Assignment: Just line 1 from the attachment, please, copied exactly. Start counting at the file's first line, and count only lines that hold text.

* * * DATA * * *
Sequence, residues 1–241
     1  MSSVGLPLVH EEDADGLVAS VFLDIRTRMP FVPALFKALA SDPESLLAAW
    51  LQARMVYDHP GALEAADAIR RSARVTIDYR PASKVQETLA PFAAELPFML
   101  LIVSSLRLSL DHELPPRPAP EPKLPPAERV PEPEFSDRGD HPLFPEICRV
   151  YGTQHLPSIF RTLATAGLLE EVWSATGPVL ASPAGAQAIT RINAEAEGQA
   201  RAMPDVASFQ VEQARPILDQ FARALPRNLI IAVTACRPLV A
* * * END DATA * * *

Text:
Sequence, residues 1–241